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The sex-specific genetic architecture of quantitative traits in humans


Mapping genetically complex traits remains one of the greatest challenges in human genetics today. In particular, gene-environment and gene-gene interactions, genetic heterogeneity and incomplete penetrance make thorough genetic dissection of complex traits difficult, if not impossible. Sex could be considered an environmental factor that can modify both penetrance and expressivity of a wide variety of traits. Sex is easily determined and has measurable effects on recognizable morphology; neurobiological circuits; susceptibility to autoimmune disease, diabetes, asthma, cardiovascular and psychiatric disease; and quantitative traits like blood pressure, obesity and lipid levels, among others. In this study, we evaluated sex-specific heritability and genome-wide linkages for 17 quantitative traits in the Hutterites. The results of this study could have important implications for mapping complex trait genes.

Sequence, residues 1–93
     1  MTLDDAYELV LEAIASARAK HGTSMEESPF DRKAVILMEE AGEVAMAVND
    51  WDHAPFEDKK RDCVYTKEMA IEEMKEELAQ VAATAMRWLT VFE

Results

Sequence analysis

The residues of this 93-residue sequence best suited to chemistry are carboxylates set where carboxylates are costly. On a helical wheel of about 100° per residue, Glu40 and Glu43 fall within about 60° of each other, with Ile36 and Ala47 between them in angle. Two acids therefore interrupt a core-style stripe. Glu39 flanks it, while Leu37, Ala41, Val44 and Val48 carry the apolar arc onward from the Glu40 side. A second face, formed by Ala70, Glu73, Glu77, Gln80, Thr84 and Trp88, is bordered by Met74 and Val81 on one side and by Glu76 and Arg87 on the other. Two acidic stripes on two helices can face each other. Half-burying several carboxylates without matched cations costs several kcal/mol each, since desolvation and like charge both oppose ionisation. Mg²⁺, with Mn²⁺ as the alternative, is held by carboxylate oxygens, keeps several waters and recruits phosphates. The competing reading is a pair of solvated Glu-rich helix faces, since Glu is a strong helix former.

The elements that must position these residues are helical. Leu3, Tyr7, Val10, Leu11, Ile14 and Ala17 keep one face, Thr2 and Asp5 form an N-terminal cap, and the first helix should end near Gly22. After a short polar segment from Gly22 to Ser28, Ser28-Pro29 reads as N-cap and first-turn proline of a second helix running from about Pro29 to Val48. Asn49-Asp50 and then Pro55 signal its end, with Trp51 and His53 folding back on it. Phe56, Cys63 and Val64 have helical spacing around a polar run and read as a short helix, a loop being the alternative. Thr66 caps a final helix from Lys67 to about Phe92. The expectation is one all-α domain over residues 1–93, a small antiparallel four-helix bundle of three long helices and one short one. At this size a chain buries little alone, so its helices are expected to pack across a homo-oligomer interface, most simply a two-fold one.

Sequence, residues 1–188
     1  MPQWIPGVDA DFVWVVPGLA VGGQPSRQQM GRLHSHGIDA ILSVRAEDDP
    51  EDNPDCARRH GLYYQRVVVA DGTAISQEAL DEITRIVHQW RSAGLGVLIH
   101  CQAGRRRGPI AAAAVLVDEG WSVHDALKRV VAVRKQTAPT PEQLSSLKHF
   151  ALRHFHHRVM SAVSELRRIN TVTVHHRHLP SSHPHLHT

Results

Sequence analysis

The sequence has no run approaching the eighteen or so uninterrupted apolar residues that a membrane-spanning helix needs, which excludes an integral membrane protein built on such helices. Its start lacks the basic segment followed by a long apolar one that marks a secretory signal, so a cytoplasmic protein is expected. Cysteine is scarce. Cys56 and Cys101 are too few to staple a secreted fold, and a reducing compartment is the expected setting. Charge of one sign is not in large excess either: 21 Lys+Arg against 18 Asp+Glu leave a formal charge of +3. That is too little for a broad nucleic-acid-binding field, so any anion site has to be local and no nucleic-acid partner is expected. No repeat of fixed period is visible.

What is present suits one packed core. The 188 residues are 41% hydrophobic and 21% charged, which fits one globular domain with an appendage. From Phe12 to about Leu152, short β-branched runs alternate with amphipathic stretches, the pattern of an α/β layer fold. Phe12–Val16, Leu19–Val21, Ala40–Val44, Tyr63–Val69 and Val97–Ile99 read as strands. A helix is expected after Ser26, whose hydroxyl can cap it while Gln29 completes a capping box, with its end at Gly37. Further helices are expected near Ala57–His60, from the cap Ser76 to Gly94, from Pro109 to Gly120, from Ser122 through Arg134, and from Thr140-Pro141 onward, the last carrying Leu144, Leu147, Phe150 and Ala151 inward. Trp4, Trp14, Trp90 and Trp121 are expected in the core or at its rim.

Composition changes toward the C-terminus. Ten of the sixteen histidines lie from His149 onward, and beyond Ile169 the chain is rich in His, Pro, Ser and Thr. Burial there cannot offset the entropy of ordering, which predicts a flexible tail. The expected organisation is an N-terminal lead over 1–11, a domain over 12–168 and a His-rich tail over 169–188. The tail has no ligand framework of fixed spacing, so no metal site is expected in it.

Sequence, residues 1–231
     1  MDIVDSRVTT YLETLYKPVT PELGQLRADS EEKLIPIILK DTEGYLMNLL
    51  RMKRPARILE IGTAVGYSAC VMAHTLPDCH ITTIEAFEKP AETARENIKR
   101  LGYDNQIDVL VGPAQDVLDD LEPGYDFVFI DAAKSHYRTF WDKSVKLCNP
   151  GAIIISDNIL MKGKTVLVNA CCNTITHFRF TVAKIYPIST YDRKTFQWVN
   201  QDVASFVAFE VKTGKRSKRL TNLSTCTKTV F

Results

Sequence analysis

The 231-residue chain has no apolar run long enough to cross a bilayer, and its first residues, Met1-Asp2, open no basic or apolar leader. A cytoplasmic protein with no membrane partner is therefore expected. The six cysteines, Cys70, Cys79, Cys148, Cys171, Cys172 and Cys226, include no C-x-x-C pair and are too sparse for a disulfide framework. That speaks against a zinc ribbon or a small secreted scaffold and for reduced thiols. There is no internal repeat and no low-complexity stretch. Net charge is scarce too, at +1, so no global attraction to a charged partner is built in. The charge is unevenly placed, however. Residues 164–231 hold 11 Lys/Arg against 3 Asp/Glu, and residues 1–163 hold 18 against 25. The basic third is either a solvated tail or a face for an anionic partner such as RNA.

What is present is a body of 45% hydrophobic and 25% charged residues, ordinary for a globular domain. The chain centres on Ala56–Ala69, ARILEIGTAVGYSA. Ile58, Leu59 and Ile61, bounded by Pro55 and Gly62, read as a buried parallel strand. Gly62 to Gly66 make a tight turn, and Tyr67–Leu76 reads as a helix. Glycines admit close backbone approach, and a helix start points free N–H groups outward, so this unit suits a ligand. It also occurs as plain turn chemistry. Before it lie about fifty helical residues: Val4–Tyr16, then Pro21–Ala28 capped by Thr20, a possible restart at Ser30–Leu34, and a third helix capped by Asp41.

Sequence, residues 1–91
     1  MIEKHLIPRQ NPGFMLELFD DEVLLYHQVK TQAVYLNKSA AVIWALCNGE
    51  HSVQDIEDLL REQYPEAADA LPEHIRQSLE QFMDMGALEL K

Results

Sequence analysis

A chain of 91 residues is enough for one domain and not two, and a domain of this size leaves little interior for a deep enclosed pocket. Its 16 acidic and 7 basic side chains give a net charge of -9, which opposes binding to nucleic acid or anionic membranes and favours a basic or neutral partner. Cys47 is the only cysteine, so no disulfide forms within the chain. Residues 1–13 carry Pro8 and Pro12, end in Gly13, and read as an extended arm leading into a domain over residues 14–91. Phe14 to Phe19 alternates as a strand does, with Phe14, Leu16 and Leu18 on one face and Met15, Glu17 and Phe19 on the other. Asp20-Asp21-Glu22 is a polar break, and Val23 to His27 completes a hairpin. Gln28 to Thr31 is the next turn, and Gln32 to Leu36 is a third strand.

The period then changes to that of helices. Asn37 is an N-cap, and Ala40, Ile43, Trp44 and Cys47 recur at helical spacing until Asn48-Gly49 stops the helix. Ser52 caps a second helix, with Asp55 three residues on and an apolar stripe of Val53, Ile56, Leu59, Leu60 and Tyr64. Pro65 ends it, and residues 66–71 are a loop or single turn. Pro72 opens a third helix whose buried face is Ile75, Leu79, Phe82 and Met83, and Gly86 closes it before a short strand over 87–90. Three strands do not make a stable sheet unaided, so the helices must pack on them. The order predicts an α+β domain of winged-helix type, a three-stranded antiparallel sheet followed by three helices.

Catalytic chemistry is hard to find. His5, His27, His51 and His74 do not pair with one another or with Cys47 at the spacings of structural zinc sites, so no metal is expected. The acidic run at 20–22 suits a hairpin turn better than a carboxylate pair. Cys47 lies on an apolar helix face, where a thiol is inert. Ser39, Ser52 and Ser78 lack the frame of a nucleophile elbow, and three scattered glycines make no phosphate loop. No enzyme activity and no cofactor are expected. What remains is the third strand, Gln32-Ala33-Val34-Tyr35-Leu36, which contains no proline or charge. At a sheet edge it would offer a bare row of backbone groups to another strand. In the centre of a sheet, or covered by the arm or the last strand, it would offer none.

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Figure 1: Heritability estimates for 17 quantitative traits.
Figure 2: Genome-wide significant linkages.


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We acknowledge assistance from N. Phillips, R. Anderson, H. Dytch and L. Kurina. This work was supported by grants from the US National Institutes of Health to M.A. and C.O. and a grant from Hoffmann-LaRoche, Inc. to C.O. L.A.W. was supported by a US National Science Foundation graduate research fellowship.

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Correspondence to Carole Ober.

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Weiss, L., Pan, L., Abney, M. et al. The sex-specific genetic architecture of quantitative traits in humans. Nat Genet 38, 218–222 (2006).

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